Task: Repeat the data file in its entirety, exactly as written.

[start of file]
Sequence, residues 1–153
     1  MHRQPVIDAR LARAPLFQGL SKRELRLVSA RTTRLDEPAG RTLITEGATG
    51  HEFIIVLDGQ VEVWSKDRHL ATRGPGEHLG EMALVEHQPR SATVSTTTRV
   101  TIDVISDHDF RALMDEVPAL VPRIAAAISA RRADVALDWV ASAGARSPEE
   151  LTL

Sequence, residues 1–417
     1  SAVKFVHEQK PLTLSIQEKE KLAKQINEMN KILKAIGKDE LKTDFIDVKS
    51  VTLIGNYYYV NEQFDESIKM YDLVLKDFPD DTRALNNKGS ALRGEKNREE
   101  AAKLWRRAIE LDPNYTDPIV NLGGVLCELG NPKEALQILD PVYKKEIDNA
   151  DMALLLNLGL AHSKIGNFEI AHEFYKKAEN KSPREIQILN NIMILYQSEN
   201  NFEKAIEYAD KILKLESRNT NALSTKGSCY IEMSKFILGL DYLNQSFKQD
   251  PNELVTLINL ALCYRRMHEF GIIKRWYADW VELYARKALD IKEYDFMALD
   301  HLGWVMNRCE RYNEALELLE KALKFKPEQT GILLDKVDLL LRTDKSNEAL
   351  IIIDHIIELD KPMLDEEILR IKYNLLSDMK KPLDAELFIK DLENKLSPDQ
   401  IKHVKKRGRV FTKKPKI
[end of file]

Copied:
Sequence, residues 1–153
     1  MHRQPVIDAR LARAPLFQGL SKRELRLVSA RTTRLDEPAG RTLITEGATG
    51  HEFIIVLDGQ VEVWSKDRHL ATRGPGEHLG EMALVEHQPR SATVSTTTRV
   101  TIDVISDHDF RALMDEVPAL VPRIAAAISA RRADVALDWV ASAGARSPEE
   151  LTL

Sequence, residues 1–417
     1  SAVKFVHEQK PLTLSIQEKE KLAKQINEMN KILKAIGKDE LKTDFIDVKS
    51  VTLIGNYYYV NEQFDESIKM YDLVLKDFPD DTRALNNKGS ALRGEKNREE
   101  AAKLWRRAIE LDPNYTDPIV NLGGVLCELG NPKEALQILD PVYKKEIDNA
   151  DMALLLNLGL AHSKIGNFEI AHEFYKKAEN KSPREIQILN NIMILYQSEN
   201  NFEKAIEYAD KILKLESRNT NALSTKGSCY IEMSKFILGL DYLNQSFKQD
   251  PNELVTLINL ALCYRRMHEF GIIKRWYADW VELYARKALD IKEYDFMALD
   301  HLGWVMNRCE RYNEALELLE KALKFKPEQT GILLDKVDLL LRTDKSNEAL
   351  IIIDHIIELD KPMLDEEILR IKYNLLSDMK KPLDAELFIK DLENKLSPDQ
   401  IKHVKKRGRV FTKKPKI